Therapeutic massage bodywork (TMB) therapies are commonly used by the public, nevertheless, research validating TMB is nascent. Practitioner variability may be affecting research outcomes. This study therefore describes and explores the relationship between therapist variables (e.g., training, practice focus) and clinical TMB experience, and the consequent implications for TMB research.
A combined methods design, consisting of a quantitative, population-based survey and qualitative interviews with practitioners trained in multiple therapies, was used to explore the training and practice of TMB practitioners in Alberta, Canada.
Of the 5242 distributed surveys, 791 were returned (15.1%). The sample demographics did not significantly differ from other massage therapist study populations. Practitioners were trained in 77 distinct TMB therapies. Most practitioners (94.4%) were trained in two or more therapies, with a median of 8 and range of 40 therapies. Training programs varied widely in number and type of TMB components, training length, or both. Nineteen practitioners trained in multiple TMB therapies were interviewed. Participants reported greatly varying training backgrounds, resulting in practitioners learning and practicing unique combinations of therapy techniques. Moreover, all practitioners described addressing patients’ needs by providing individualized patient treatment based on a responsive feedback process throughout practice. Additionally, practitioners distrust TMB research results because of perceived and actual treatment provision differences between TMB clinical practice and TMB treatments used in research.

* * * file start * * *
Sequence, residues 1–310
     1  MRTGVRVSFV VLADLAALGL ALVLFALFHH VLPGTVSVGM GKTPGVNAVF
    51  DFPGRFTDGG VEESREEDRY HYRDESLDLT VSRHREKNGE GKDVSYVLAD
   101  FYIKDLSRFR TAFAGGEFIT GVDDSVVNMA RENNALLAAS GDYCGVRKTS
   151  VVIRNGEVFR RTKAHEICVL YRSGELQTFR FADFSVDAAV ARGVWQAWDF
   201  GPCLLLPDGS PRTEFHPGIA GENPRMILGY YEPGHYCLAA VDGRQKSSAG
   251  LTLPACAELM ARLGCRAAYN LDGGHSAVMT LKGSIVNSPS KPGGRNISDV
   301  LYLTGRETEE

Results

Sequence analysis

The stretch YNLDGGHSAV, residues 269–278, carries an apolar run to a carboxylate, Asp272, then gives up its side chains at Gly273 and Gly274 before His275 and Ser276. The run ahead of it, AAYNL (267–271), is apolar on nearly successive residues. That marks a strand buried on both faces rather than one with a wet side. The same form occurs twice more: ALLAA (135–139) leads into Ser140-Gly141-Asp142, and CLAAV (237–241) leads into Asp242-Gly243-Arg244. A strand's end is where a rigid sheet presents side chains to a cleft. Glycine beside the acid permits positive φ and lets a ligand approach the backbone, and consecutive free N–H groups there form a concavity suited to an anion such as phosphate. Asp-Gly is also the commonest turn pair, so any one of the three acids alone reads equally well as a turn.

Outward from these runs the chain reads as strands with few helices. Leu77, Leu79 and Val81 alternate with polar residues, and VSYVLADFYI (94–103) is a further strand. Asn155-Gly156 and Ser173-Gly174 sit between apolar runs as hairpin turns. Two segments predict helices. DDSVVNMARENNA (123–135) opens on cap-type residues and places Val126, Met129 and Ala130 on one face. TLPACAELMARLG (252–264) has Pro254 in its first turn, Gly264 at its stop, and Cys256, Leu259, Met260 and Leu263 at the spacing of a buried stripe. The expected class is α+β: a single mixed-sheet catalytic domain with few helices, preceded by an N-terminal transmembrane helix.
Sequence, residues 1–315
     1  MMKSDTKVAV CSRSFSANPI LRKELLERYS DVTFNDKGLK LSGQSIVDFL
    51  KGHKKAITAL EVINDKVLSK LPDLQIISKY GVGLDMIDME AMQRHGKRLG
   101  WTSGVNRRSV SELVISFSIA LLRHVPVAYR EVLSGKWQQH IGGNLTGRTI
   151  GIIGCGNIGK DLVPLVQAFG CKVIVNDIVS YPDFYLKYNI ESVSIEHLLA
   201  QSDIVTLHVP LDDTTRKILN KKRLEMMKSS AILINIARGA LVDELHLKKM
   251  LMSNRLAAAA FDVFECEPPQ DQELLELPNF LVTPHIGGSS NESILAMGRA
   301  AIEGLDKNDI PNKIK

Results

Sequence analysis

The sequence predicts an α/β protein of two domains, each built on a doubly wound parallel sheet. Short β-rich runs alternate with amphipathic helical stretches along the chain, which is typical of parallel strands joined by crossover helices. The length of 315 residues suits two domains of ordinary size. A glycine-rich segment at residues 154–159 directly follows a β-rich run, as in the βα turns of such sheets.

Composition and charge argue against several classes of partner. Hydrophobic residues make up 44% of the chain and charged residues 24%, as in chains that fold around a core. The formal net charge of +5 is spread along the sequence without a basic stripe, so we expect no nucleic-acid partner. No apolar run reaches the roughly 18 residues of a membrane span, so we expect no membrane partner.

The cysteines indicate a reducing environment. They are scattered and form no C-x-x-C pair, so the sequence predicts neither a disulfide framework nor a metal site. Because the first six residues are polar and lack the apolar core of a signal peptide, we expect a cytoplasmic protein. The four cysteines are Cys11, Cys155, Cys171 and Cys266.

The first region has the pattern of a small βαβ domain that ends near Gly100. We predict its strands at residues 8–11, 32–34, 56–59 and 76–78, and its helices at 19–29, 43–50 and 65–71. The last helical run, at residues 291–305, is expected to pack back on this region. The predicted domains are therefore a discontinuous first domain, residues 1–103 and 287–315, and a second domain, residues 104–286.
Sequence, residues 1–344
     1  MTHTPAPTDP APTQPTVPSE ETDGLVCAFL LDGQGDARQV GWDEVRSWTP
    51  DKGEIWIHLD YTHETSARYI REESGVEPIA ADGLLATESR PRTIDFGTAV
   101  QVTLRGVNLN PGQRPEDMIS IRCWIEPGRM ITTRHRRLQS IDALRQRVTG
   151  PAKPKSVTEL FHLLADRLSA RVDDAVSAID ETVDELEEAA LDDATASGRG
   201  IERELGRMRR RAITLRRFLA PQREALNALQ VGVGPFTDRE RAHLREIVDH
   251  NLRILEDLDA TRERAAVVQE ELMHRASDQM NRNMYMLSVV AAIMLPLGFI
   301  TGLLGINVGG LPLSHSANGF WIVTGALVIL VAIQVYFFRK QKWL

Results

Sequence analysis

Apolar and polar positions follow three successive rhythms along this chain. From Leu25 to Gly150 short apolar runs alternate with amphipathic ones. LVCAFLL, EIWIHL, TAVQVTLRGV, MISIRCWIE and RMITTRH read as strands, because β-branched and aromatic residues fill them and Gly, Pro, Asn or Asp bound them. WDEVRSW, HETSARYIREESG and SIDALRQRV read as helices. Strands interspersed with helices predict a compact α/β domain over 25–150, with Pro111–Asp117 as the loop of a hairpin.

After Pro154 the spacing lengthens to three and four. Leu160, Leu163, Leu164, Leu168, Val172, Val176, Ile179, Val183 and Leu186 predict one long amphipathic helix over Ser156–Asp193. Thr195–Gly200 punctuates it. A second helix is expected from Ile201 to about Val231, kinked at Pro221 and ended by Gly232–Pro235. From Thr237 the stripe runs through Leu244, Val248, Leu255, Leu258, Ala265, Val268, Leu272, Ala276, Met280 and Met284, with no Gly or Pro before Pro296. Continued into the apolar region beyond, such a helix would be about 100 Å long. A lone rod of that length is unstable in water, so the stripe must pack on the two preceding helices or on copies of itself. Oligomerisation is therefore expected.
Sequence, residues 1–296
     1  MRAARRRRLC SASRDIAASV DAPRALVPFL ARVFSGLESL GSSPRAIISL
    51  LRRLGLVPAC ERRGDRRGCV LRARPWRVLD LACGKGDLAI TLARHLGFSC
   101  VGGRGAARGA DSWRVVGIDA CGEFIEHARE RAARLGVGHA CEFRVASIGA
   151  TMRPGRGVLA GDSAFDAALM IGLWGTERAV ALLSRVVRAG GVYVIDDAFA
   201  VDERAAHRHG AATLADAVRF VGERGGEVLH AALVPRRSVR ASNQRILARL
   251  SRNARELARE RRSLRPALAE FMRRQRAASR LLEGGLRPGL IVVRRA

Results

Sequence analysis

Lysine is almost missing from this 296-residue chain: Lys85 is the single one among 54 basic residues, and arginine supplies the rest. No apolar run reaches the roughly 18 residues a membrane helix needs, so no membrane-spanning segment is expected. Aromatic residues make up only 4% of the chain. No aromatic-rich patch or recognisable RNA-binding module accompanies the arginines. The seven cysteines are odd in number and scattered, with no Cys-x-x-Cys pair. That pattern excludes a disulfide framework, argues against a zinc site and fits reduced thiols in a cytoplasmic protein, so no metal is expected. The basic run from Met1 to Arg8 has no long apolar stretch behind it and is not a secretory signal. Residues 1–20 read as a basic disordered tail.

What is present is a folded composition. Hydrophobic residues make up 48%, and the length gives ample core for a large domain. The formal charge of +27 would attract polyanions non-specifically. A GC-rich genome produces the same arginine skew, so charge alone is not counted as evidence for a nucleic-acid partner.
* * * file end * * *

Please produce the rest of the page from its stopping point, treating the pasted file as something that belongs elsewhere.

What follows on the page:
The training received, the number of therapies trained in, and the practice descriptors of TMB practitioners are all highly variable. Clinical experience and continuing education may further alter or enhance treatment techniques. Therefore, treatment provision and individualization are likely practitioner-specific. Practitioners surmise that clinical trials do not accommodate practitioner variability or treatment individualization, resulting in limited clinical application of TMB research. The high variability in training and experience between practitioners necessitates improved research reporting of practitioner qualifications and expertise, and the consequent impact on the results.
TMB research designs need to accommodate the inherent individualization of clinical practice and capture relevant contextual outcomes. Knowledge translation of research results must address TMB practitioners’ perceived differences between TMB research treatments and TMB clinical practice.